To print a particular column of the dataframe, you can simply index it as data[‘EDT’] for a single column or data[[‘EDT’,’Max Humidity’]] for multiple columns. The output for data[‘EDT’] is:
data[EDT] 0 2012-3-10 1 2012-3-11 2 2012-3-12 3 2012-3-13 4 2012-3-14 5 2012-3-15 6 2012-3-16 ... ... ... 361 2013-3-6 362 2013-3-7 363 2013-3-8 364 2013-3-9 365 2013-3-10 Name: EDT, Length: 366
And the output for data[[EDT,Max Humidity]] is:
<class pandas.core.frame.DataFrame> Int64Index: 366 entries, 0 to 365 Data columns: EDT 366 non-null values Max Humidity 366 non-null values dtypes: int64(1), object(1)
Sometimes, it may be useful to only view a part of the data, just so that you can get a sense of what kind of data you are dealing with. Here you can use the head and tail functions to view the start and end of your dataframe:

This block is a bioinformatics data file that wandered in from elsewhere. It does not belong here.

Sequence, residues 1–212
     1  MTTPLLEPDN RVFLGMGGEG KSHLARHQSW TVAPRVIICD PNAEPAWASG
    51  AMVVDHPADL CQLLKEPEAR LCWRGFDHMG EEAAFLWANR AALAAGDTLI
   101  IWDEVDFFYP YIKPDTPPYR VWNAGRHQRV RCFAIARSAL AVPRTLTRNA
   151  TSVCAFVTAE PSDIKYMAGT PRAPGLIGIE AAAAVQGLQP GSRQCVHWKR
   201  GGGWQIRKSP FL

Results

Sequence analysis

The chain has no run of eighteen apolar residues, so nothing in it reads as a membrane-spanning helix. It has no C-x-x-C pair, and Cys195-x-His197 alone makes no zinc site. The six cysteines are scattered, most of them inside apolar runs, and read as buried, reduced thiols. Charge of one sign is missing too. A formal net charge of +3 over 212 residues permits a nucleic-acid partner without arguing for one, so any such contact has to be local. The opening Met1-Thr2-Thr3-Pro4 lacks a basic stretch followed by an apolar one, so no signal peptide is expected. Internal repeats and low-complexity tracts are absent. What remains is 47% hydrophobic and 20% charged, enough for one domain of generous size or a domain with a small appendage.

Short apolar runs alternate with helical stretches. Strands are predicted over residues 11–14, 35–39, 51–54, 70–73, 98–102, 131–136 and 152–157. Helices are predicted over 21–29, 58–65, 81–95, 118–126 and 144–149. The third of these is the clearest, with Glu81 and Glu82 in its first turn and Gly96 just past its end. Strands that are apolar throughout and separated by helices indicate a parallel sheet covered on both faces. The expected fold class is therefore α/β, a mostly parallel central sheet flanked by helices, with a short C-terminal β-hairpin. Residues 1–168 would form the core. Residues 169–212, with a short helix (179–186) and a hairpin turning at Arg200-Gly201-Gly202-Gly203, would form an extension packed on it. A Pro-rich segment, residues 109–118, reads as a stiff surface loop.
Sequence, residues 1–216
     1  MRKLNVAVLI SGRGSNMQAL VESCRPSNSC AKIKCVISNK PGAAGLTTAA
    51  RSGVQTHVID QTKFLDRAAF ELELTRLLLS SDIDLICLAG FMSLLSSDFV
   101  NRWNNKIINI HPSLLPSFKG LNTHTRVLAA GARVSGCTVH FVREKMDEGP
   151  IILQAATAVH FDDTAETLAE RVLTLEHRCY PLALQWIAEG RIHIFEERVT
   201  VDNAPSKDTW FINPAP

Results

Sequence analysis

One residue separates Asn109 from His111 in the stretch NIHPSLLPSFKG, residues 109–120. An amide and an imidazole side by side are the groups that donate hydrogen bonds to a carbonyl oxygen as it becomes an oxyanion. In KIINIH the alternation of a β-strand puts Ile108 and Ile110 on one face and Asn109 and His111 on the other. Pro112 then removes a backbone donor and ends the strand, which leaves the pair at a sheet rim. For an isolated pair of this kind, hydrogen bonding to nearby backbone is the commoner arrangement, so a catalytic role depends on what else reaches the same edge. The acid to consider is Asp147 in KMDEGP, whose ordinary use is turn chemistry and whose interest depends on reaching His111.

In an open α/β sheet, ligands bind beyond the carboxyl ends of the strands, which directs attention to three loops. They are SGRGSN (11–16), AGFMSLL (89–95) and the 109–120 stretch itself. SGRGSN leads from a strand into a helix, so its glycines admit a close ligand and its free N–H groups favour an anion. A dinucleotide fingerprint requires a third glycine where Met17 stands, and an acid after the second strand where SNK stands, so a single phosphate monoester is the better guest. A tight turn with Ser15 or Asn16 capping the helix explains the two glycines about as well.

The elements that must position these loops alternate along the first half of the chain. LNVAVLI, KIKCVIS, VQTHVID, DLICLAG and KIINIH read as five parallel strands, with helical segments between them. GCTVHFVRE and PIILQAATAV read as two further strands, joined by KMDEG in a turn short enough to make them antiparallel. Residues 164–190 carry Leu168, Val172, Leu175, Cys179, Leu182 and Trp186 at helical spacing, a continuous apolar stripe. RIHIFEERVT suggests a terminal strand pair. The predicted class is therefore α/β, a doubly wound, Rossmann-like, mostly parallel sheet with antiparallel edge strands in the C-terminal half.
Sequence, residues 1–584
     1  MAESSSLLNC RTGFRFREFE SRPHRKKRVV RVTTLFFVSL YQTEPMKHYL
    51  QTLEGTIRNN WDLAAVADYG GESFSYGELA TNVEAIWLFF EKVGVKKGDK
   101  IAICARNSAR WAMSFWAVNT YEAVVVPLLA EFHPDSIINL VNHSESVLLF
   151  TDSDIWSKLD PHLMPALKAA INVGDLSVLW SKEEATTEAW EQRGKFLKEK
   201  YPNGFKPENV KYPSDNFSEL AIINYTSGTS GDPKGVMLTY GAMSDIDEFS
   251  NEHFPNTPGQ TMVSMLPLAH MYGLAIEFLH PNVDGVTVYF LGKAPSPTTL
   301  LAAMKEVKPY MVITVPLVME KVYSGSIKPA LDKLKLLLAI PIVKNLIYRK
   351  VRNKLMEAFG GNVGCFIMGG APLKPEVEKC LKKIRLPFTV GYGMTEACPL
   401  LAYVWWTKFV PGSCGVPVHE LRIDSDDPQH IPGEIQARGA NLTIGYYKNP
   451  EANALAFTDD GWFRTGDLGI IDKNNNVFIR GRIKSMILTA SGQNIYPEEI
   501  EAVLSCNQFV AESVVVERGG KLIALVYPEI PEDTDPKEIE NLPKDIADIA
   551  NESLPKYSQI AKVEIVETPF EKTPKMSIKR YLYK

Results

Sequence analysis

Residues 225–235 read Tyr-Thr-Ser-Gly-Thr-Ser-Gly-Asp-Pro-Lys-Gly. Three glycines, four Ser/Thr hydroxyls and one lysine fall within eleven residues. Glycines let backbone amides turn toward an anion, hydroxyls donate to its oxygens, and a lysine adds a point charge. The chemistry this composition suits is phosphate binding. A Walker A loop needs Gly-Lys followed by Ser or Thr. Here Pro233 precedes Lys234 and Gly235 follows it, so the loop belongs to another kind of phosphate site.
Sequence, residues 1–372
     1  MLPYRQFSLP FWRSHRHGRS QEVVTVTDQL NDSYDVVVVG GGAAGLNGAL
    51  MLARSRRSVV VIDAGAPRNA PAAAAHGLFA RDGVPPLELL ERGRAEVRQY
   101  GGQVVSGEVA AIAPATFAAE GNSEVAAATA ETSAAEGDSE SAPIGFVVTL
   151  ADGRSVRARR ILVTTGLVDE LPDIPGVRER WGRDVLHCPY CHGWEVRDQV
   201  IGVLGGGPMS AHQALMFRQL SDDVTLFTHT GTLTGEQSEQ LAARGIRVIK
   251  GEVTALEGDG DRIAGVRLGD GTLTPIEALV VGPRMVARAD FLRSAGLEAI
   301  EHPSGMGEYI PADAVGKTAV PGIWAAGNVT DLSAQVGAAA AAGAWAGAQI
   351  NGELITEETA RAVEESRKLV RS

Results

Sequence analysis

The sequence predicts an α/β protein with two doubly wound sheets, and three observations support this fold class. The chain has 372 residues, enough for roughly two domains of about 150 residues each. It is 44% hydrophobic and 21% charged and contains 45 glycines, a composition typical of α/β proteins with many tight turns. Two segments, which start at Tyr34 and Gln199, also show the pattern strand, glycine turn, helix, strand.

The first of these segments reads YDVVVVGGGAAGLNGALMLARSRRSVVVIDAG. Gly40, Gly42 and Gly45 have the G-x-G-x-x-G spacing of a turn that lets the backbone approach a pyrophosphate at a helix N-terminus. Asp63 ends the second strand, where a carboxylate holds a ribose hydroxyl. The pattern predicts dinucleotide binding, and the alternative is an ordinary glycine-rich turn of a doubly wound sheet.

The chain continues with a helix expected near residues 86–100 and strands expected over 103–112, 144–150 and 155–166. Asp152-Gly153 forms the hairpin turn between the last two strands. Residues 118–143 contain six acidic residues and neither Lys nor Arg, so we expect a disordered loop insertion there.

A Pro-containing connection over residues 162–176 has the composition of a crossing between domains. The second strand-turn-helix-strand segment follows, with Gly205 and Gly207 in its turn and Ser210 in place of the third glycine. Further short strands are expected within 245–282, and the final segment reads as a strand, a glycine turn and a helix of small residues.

0 74 1 78 2 90 3 93 4 93 Name: Max Humidity
Note: The head and tail functions take a parameter which sets the number of rows to be displayed. And can be used as data[Max Humidity].head(n), where ‘n’ is the number of rows. The default is 5.
Working with columns
Now that we have a basis on which to work with our dataframe, we can explore various useful functions provided by Pandas like std to compute the standard deviation, mean to compute the average value, sum to compute the sum of all elements in a column, etc. So if you want to compute the mean of the Max Humidity column, for instance, you can use the following commands:
90.027322404371589 data['Max Humidity'].sum() 32950 data['Max Humidity'].std() 9.10843757197798